ISLAMABAD / WASHINGTON: The latest stalemate in tumultuous Pakistan-United States ties, caused by President Donald Trump’s recent TV interview and a subsequent tweet — which was responded to by Prime Minister Imran Khan in a separate tweet — has seemingly eased after the former sought Pakistan’s help for Afghan peace and Islamabad readily accepted it.

Prime Minister Khan disclosed the receipt of the US president’s letter during a meeting with a group of television anchors on Monday. He said Mr Trump had asked for persuading the Afghan Taliban to come to the negotiating table. He reaffirmed the Pakistan government’s commitment to doing all possible for a negotiated settlement of the Afghan conflict.

The Foreign Office later said in a statement: “US President Donald Trump, in his letter addressed to Prime Minister Imran Khan, has stated that his most important regional priority was achieving a negotiated settlement of the Afghan war. In this regard, he has sought Pakistan’s support and facilitation.”

Mr Trump, moreover, suggested that Pakistan and the US should “explore opportunities to work together and renew partnership,” the FO added.

Trump writes to Imran suggesting Islamabad and Washington ‘explore opportunities to work together and renew partnership’

In Washington, a spokesperson for the US National Security Council (NSC) told Dawn that in his first letter to PM Khan, President Trump had sought “Pakistan’s full support” for the US-led peace process in Afghanistan and for his special envoy’s upcoming trip to the region.

The NSC is the US president’s principal forum for national security and foreign policy matters and is based in the White House.

The letter was received by Mr Khan on Monday morning as US Special Representative for Afghanistan Reconciliation Ambassador Zalmay Khalilzad embarked on another trip to the region. During the 19-day visit, Mr Khalilzad will visit Pakistan, besides travelling to Afghanistan, Russia, Uzbekistan, Turkmenistan, Belgium, the United Arab Emirates and Qatar from Dec 2 to 20. He is due in Islamabad on Tuesday morning. His Pakistan leg of the last tour in November was cancelled at the last moment because of “scheduling issues” on Islamabad’s part.

The timing of Mr Trump’s letter suggests that it is meant to convey to Islamabad White House’s commitment to the effort being spearheaded by Mr Khalilzad.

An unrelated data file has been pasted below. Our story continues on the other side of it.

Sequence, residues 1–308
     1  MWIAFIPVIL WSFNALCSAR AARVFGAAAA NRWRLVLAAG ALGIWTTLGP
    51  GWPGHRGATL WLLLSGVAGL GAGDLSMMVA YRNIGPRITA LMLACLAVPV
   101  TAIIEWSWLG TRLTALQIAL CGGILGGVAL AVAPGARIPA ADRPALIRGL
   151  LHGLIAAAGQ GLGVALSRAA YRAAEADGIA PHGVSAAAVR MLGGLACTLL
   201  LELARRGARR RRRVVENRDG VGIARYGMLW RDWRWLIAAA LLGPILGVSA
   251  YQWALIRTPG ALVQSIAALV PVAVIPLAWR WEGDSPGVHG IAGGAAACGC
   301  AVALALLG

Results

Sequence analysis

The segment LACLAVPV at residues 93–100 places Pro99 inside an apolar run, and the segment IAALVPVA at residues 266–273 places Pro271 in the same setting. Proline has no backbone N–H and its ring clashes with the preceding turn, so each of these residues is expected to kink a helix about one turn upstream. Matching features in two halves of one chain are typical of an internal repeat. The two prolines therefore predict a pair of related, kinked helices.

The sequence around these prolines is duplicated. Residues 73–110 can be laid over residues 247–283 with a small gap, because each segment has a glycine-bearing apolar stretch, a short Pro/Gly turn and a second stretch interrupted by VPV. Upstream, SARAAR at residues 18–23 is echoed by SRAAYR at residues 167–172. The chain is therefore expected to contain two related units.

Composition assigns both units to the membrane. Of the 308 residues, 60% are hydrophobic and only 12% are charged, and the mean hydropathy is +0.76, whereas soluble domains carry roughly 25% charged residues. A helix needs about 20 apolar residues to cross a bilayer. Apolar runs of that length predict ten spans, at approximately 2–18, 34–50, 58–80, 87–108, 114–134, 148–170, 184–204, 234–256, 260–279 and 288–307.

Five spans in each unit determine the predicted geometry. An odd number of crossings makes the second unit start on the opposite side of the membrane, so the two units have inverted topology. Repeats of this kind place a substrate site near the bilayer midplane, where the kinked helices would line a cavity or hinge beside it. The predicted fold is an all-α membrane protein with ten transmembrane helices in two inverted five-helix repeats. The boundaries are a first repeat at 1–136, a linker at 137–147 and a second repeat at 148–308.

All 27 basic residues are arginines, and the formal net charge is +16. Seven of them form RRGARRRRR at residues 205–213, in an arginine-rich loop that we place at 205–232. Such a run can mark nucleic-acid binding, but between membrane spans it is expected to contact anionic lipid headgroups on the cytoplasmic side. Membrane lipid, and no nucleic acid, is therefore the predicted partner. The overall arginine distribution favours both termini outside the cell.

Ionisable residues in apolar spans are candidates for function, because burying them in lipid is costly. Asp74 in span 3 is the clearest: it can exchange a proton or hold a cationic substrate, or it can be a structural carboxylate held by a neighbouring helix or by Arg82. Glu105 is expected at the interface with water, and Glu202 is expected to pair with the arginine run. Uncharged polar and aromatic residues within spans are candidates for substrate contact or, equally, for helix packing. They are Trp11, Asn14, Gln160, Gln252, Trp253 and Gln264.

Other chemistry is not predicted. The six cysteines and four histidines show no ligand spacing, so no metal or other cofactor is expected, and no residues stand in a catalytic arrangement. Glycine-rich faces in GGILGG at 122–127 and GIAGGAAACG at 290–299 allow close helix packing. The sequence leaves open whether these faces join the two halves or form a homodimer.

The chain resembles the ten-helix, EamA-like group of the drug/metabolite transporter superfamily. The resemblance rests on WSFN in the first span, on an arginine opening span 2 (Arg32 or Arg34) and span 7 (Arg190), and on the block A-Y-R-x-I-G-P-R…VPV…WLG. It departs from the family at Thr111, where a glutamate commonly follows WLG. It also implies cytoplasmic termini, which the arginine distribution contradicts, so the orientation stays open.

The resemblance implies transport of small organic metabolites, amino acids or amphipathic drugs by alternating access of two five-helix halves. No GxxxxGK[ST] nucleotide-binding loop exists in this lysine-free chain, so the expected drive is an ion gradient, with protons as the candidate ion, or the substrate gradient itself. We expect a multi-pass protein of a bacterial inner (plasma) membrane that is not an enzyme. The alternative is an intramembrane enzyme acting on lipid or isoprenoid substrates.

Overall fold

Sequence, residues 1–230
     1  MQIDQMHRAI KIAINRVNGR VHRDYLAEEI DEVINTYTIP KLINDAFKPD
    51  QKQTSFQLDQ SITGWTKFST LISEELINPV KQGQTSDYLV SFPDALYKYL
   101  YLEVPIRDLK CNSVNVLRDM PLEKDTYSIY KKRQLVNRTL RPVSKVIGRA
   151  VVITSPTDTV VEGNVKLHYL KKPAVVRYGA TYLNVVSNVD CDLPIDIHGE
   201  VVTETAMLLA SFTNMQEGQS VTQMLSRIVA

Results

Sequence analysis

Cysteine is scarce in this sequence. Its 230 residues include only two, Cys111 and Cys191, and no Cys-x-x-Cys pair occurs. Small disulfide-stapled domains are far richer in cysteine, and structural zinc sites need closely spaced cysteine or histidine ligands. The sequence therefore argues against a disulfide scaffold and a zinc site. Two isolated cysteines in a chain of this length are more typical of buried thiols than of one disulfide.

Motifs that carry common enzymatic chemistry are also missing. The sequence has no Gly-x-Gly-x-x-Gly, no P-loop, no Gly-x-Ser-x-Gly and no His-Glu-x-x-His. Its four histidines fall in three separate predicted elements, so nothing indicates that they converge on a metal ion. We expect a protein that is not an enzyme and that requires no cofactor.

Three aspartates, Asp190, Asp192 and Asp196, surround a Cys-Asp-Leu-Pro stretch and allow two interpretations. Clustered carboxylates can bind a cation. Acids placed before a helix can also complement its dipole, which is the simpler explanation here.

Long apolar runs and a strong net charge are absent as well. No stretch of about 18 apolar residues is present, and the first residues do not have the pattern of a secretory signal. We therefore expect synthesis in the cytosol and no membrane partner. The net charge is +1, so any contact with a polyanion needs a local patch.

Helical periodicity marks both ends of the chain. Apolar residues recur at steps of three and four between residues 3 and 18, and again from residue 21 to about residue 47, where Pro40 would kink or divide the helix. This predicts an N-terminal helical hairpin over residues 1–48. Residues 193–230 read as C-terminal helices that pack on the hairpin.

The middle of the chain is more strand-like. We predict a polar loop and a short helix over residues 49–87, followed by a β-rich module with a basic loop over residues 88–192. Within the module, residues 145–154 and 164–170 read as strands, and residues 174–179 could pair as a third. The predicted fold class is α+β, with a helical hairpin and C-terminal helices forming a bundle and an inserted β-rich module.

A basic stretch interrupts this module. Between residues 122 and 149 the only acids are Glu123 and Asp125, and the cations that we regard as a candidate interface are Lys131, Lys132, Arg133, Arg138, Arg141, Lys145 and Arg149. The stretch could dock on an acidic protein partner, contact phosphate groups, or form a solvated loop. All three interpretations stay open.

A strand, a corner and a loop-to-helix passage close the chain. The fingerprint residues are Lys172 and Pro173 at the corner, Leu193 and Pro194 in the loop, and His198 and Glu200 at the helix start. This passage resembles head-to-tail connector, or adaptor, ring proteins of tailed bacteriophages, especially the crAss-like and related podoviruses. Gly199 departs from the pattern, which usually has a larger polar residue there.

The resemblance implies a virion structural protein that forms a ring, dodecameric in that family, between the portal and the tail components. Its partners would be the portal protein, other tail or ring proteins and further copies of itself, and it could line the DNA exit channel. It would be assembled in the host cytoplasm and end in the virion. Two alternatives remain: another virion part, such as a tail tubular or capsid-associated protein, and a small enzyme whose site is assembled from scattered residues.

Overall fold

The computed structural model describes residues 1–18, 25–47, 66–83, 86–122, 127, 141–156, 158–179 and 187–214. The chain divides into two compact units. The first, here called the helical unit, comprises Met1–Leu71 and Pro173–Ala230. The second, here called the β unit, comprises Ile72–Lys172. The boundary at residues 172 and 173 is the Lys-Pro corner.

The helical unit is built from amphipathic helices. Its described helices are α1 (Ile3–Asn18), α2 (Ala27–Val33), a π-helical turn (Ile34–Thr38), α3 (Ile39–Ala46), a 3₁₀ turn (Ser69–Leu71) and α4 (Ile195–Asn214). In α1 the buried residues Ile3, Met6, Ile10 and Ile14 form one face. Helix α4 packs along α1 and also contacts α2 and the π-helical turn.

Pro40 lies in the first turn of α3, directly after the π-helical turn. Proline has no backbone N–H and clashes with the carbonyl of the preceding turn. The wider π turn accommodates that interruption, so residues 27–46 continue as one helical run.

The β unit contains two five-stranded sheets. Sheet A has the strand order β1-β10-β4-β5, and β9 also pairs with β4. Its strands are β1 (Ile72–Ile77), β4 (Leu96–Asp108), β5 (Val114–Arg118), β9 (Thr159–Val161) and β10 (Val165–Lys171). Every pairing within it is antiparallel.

Pakistan had over the past few months restarted cooperation with the US after it saw signals of shift in America’s policy on reconciliation with the Taliban.

In a major gesture to Washington in October, Pakistan had set free former Taliban deputy chief Mullah Baradar.

FO spokesman Dr Muhammad Faisal had on that occasion said that Baradar was released “at the US request in order to move forward on the shared objective of pursuing a political settlement in Afghanistan”.

But things came to a stop after President Trump in a TV interview raked up allegations of global terror kingpin Osama bin Laden having lived in Pakistan with relative ease and asserted that he ended aid for the former ally (Pakistan) because it did not “do anything for us, they don’t do a damn thing for us”.

Mr Trump apparently in his letter to Mr Khan budged on the issue. The FO said the US president “acknowledged that the war had cost both USA and Pakistan”.

It should be recalled that Prime Minister Khan had in his reaction to Mr Trump’s interview called for acknowledging Pakistani sacrifices in the war on terror. He had noted that Pakistan’s support for the US in the war against terrorism cost it 75,000 casualties and over $123 billion in financial losses; tribal areas were devastated because of terrorist attacks and millions of people were displaced due to counterterrorism operations that had to be carried out to reclaim the area from terrorists.

The FO said the US decision of seeking Pakistan’s help was a welcome one. Recalling Pakistan’s long-standing position on ending the Afghan conflict through a negotiated settlement instead of use of force, the statement said the Afghan peace and reconciliation process would be facilitated in good faith. “Peace and stability in Afghanistan remains a shared responsibility,” it underscored.

Meanwhile, a State Department statement on Mr Khalilzad’s trip said: “The United States remains committed to supporting the Afghan people’s desire for peace, and to facilitating a political settlement between the Afghan government and the Taliban that ensures Afghanistan never serves as a platform for international terrorism again.”

In the letter, President Trump “recognises that Pakistan has the ability to deny the Taliban sanctuary on its territory,” the NSC spokesperson said.

Published in Dawn, December 4th, 2018

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